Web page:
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Gas Venting 101

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As you contemplate installing a gas fireplace, perhaps you’ve come across several options for venting your new heat source. “Hmmm,” you say, “direct vent, B-vent, natural vent, vent-free . . . what does all that mean?” We’re glad you asked. At Croft Fireplace Center, we want to be sure you understand your options before making a decision about which fireplace best fits your needs. Let’s take a few minutes to investigate different venting options and discuss the pros and cons of each one.

Vent-Free
As the name suggests, a vent-free fireplace requires no external venting, so there’s no chimney to build and no pipe to buy. Since there’s no exposure to external air to aid in combustion, there’s no loss of heat outside your home. Obviously, this makes a vent-free fireplace extremely efficient.
The greatest drawback of a vent-free fireplace is the very thing that makes it so convenient. A vent-free unit is precisely engineered for nearly 100-percent combustion, but a tiny bit of exhaust remains in the room. The fireplace has no vent, so the exhaust has nowhere to go. That exhaust consists primarily of water vapor and carbon dioxide. It is not dangerous, but sometimes a faint odor of gas can linger.
To guard against unsafe oxygen levels, all vent-free units are equipped with oxygen-depletion sensors. When the oxygen level in a room reaches 18 percent, a vent-free fireplace automatically shuts down. In a small room, you should expect a vent-free unit to shut down often.
Most do-it-yourselfers are not qualified to safely install vent-free fireplaces. These units come with specific, detailed assembly instructions, and failing to follow the instructions precisely can lead to problems with oxygen depletion and carbon monoxide.

B-Vent
B-Vent fireplaces (also called “natural vent” units) are similar to traditional wood-burning fireplaces. Combustion is achieved using the air in the room; the exhaust is vented outside the home through piping similar to a chimney. Because B-Vent pipe is smaller and much less expensive than Class A chimney pipe, it is a cost-effective option upon installation. However, a B-vent fireplace is unlikely to be energy-efficient. Most of the heat it generates will be lost through the exhaust piping, in a fashion similar to a brick-and-mortar fireplace. Today, most consumers install B-Vent fireplaces for their aesthetic value or use them as secondary heat sources because installation is cost-effective.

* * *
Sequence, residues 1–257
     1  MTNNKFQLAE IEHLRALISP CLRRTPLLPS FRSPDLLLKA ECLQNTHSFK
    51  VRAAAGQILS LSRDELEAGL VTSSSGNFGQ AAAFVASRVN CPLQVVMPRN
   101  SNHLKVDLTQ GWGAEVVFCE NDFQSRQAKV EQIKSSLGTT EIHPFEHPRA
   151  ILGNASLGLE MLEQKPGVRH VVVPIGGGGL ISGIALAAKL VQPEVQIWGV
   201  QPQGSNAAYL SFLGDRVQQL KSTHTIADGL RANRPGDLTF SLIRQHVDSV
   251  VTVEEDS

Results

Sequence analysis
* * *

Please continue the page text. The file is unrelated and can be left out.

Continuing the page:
Direct Vent
Currently, the direct-vent gas fireplace is the most popular and efficient appliance available. The flame in a direct-vent unit is sealed inside a glass panel. As a failsafe, a direct-vent fireplace will not function unless the panel is installed and securely in place.
Direct-vent fireplaces achieve combustion using a dual-vent system.
Two options are available:

 Coaxial venting uses a pipe within a pipe. The smaller “inner” pipe is fixed inside the larger “outer” pipe and vents exhaust outside the home. The fresh air required for combustion enters the fireplace through the space between the two pipes.

 Collinear venting uses two separate pipes side by side. One pipe brings in air for combustion; the other expels the exhaust.

Direct-vent fireplaces allow greater flexibility than vent-free units when installing the heat source in a bedroom or bathroom. Vent-free units installed in bedrooms or bathrooms are limited to 10,000 BTUs because their exhaust remains in the room; however, a direct-vent unit has no such restrictions because its exhaust is vented outside.

In addition, direct-vent units offer more venting options than B-Vent fireplaces. A B-Vent appliance requires vertical venting through the roof and three feet above; a direct-vent unit can be vented horizontally or directly to the wall, requiring significantly less pipe and eliminating the need to install a chimney. If horizontal or direct venting is not an option, it is still possible to install vertical piping with a direct-vent fireplace. Because direct-vent pipe is almost always less expensive than Class A chimney pipe, it remains a more cost-effective option than a traditional wood-burning fireplace or stove.


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